This book was recommended to me by someone who knows I like true crime books, he told me that while fiction, it was based on the Rostov Ripper. It was described as a propulsive, relentless page-turner. While I did find this book to be interesting, I don’t agree with either description.
While there is a serial killer in the book, that is not its main focus. The author deals more with the history of Russia, starting with a devastating famine, then goes on to detail what it was like living in Stalinist Russia, a place where paranoia was rampant, because no one could be trusted. While trying to set up a paradise for its workers, the State has become the biggest threat to them, with its spies and ideals.
In the midst of this ‘paradise’ a serial killer is operating, except, that is impossible according to the state. Leo Demidov, a war hero with a beautiful wife, is a member of the MGB, the State Security Force and is a courageous, conscientious and idealistic officer. Until an accusation sends his life spiraling out of control, he finds himself interrogated, then exiled and hunting this killer on his own. A life and death situation for Leo, his wife and parents.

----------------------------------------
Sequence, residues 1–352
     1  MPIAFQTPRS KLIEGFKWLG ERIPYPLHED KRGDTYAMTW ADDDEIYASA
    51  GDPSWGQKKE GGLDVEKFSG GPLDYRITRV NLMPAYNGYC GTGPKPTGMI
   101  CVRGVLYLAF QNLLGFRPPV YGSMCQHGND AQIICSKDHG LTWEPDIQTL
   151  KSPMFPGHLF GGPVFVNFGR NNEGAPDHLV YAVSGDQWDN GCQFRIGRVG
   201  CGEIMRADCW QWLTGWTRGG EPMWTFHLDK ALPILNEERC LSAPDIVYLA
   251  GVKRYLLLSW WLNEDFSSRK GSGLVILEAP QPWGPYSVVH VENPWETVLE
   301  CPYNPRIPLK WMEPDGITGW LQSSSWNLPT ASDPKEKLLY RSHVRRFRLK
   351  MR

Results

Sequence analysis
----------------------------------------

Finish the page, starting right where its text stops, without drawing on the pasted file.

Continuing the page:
Unfortunately the book doesn’t live up to the hype. While it is very interesting and gives a riveting and accurate portrayal of Russia, it is not a page turning thriller. The book seems to get bogged down in details, as if the author while describing an event or place can’t decide how to finish it and go on. And the serial killer angle, while a central part of the book, is actually made secondary and by the mid point of the book, who the killer is can be figured out rather easily.
I would recommend this book to people looking for a character driven story about Russia with a mystery thrown in, I would not recommend it to thriller lovers.
On a positive note, I know have 3 books added to my wish list and another serial killer to read about. Andrei Chikatilo ~ Rostov Ripper